PhysOrg gets me all het up over this modern-day alchemist who’s figured out how to transmute greenhouse gases into useful materials… and energy: Making carbon-based products from CO2 is nothing new, but carbon dioxide molecules are so stable that those reactions usually take up a lot of energy. If that energy were to come from fossil fuels, over time the chemical reactions would ultimately result in more carbon dioxide entering the atmosphere—defeating the purpose of a process that could otherwise help mitigate climate change. Professor Yun Hang Hu’s research team developed a heat-releasing reaction between carbon dioxide and Li3N that forms two chemicals: amorphous carbon nitride (C3N4), a semiconductor; and lithium cyanamide (Li2CN2), a precursor to fertilizers. “The reaction converts CO2 to a solid material,” said Hu. “That would be good even if it weren’t useful, but it is.”
…bad consequences follow. Forbes traces the problems with the most authoritative “we can cure the gay out of you” study: [Dr. Robert L.] Spitzer now looks back with regret and critically dismantles his work, but the truth is that his study wasn’t credible from the beginning. It only assumed a veneer of credibility because it was stamped with the imprimatur of his profession. … In his recantation of the study, he says that it contained at least two fatal flaws: the self reports from those he surveyed were not verifiable, and he didn’t include a control group of men and women who didn’t undergo the therapy for comparison. Self reports are notoriously unreliable…. … For many years before his paper on reparative therapy, Spitzer had conducted studies that evaluated the efficacy of self-reporting as a tool to assess a variety of personality disorders and depression. He was a noted expert on the development of diagnostic […]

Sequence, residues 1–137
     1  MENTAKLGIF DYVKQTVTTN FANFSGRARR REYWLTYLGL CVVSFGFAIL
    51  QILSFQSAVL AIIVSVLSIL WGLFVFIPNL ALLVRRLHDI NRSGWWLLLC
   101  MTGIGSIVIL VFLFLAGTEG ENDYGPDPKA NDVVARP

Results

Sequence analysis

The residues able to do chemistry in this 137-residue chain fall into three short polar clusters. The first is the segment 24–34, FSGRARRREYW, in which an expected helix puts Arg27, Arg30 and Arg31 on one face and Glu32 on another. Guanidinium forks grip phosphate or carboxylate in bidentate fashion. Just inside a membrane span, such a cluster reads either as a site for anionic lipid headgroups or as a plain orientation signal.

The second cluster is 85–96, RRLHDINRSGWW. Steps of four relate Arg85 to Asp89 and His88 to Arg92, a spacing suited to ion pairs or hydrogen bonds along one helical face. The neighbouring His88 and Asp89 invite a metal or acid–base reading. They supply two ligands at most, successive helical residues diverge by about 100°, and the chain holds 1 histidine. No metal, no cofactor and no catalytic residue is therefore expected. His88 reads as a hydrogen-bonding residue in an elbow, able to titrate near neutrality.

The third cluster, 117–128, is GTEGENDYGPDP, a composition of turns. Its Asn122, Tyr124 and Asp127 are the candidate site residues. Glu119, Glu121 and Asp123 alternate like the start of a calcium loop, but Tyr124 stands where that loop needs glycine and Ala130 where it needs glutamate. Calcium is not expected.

Click to embiggen When you’re a pioneering aviator, it pays to have a brother who’s an illustrator. From the Tissandier collection in the Library of Congress, a dream of the sky from the past. In 1875, Gaston Tissandier flew higher than anyone had ever gone. Two of his companions died from the altitude and he went deaf. And a few years later, with the help of a Siemens motor, he piloted the first electric-powered flight.